Claire, in a recent interview, you said your first manuscript sold on the first try. Can you tell us all about this?
I wrote my first novel, Ready to Fall, in my minivan in the parking lot outside my daughter’s swim practice during one long cold New England winter ten years ago when I was 45. Amazingly, it sold to the first publisher who asked to read it. I think the trick to avoid rejection might be to procrastinate for decades and skip all those awful stages!
Hindsight 20/20, if the first publisher you approach wants your book, you should get an agent fast! I only queried two agents, who were both so famous even I had heard of them. One wrote back: “Dear Claire, If your novel is half as funny as your query letter, you will definitely find someone, however it won’t be me.” I thought, ha, who needs an agent? So I submitted to Bridgeworks, the publisher who launched Tom Perrotta and Lorna Landvik, and they took it. I spent more on gas driving to the few stores who would let me do events than I made on the advance, but the novel did well enough to bring me to the attention of my agent, the famous and wonderful Lisa Bankoff at ICM, and in her brilliant hands, my next novel went to auction, and at 50 I walked the red carpet at the Hollywood premiere of the adaptation of my second novel, Must Love Dogs. I’m now 55 and the bestselling author of seven novels, and I’m absolutely living my dream!
I know Hyperion is doing a bang up job of promoting Seven Year Switch. Can you tell my readers what they have done for you so far?
Claire: Hyperion has terrific marketing, publicity and sales departments, and they’re really behind my books, so I have lots of support.
Seven Year Switch has received beach read shout outs from People, USA Today, The New York Times and more. My books are also displayed front and center on the beach read tables in both indie and chain stores. I had incredible turnouts of enthusiastic women at my Seven Year Switch events. (Photos up on events page ClaireCook.com.)
I answer every email. I chat and Skype and do conference calls with book clubs. I tell my readers how much I appreciate them every chance I get.
That being said, I think it’s important to bring as much energy as I can to the mix, and I do. I have an active website. I do lots of networking on Facebook and Twitter. Seven Year Switch even has a great book trailer.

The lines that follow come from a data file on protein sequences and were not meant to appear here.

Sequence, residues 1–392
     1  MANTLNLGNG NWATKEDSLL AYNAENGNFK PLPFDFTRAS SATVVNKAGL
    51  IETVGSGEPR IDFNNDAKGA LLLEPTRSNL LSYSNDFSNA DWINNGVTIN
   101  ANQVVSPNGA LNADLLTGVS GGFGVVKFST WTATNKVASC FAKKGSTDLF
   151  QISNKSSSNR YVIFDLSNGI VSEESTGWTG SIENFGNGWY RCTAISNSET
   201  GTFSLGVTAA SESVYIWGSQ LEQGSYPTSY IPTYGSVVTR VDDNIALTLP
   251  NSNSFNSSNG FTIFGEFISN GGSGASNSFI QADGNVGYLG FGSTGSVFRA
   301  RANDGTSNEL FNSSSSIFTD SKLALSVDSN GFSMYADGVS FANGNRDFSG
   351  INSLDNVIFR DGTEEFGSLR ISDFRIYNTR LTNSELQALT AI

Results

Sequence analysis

You also have a book out, Must Love Dogs, that was made into a Warner Bros. feature film starring Diane Lane and John Cusack. Would you like to share with us how that happened?
Claire: I’d just done a signing at a bookstore in Vermont and there was a big display of autographed books. Gary David Goldberg, who created Family Ties, Spin City and Lou Grant, wandered in looking for something to read. He said he brought the book home, poured a glass of wine and sat down with it — and never got up till he finished! The next day he called my literary agent in NY, and the rest is history! The movie experience was a blast — I got to hang out on the set and on location, and they gave me a director’s chair with my name on it and the actors all autographed it for me! I walked the red carpet at the premiere — and was even on Access Hollywood and Extra!
What’s next for you?
Claire: I’m just about to dive into revisions on my next novel, which will be out in summer 2011!
Thank you so much for this interview and we wish you much success!
Claire: Thank you so much — it’s been great talking with you!
Thank you so much for your time in answering our questions, Claire. Godspeed to you! Claire will be on virtual book tour throughout July to talk more about her book, Seven Year Switch. If you’d like to visit her official tour page where you can read more interviews and guest posts from this wonderfully talented author, click here.